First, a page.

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Building Fire in Vietnam Kills 59

An American may be among the dead. Toll is blamed in part on lack of proper equipment.

October 30, 2002|From Associated Press

HO CHI MINH CITY, Vietnam — A massive blaze tore through a large building in downtown Ho Chi Minh City on Tuesday, killing at least 59 people and injuring more than 100.

Firefighters battled the inferno for hours, but inadequate equipment and intense flames and heat kept them from reaching many victims trapped in the Saigon International Trade Center, a six-story building that housed shops, offices and a popular disco.

A wedding reception with about 500 guests was being held in the building when the fire broke out, Ho Chi Minh City Television said, and an American insurance company with offices there was conducting a training seminar for about 100 employees.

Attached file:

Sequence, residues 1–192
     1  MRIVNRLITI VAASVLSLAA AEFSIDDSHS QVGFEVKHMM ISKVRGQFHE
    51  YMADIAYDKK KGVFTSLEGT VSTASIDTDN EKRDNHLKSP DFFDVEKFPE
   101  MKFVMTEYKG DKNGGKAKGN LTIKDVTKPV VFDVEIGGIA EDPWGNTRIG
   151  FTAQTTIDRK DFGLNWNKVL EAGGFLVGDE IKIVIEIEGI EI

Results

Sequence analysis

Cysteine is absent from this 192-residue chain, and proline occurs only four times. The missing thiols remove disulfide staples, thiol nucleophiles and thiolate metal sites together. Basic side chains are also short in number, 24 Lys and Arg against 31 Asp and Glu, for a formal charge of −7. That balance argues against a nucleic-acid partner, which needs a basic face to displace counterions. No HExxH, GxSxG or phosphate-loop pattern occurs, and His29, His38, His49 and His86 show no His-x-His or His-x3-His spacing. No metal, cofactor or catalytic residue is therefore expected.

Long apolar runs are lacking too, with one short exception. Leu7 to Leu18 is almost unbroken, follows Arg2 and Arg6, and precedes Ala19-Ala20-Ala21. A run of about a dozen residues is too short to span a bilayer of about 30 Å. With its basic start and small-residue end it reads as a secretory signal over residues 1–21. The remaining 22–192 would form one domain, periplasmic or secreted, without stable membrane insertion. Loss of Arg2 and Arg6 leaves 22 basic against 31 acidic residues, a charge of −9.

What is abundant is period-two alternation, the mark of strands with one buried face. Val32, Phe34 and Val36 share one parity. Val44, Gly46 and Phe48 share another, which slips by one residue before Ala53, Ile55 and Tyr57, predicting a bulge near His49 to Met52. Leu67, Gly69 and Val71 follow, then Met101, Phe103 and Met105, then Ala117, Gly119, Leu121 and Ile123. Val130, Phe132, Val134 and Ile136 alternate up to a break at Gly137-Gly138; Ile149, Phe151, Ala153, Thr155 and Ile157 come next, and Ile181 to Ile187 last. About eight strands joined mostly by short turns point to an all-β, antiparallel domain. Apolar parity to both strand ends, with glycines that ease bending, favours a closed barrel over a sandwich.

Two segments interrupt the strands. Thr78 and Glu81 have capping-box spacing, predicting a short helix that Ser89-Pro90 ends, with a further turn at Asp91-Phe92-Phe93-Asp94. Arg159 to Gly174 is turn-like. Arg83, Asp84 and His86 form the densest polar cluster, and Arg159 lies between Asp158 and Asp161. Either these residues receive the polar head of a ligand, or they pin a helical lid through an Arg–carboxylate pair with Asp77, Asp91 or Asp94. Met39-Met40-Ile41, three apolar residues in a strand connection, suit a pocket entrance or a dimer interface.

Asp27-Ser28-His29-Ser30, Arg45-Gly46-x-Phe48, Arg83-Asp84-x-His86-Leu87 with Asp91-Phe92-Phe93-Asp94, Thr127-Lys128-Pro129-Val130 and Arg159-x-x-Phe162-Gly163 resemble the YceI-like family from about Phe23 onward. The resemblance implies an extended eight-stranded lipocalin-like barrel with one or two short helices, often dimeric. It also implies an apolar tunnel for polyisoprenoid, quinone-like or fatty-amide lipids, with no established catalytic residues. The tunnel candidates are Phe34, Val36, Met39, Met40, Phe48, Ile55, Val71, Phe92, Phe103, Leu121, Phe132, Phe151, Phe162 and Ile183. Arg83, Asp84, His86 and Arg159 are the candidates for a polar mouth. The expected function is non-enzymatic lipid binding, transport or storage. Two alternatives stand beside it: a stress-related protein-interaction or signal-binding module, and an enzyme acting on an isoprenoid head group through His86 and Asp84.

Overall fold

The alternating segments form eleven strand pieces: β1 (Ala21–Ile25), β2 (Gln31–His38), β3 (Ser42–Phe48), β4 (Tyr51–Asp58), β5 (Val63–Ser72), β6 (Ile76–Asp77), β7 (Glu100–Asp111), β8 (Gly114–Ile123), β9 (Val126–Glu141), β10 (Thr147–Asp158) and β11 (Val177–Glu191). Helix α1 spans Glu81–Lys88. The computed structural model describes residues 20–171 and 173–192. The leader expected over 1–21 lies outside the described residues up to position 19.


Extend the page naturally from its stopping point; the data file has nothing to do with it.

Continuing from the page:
At least two Britons and possibly a Vietnamese American were among the dead, but officials had not named them. Six insurance company employees were reported missing.

Firefighters used ladder trucks to help some people escape from the roof, but they were unable to reach at least one man who cried for help from a window because they lacked the proper equipment. Flames raged at other windows.

"What is worrying is that firefighters were not equipped with the necessary equipment to put out the fire," Vietnam Television said. "It took them more than three hours to bring the water hose inside the building, and sometimes they did not have enough water."

The American International Assurance Co. was conducting a training program for insurance agents when the fire began, a company official said. In addition to the six missing employees, about 30 were injured, some seriously, the official said.

Hospital officials said more than 100 people were hospitalized, many with serious injuries -- some from burns and some from leaps from windows. State media said the death toll was likely to rise.

Police were still investigating the cause of the fire but suspected an electrical short circuit, the official Vietnam News Agency said

Mayor Le Thanh Hai said the fire was the city's worst in both loss of life and property damage.

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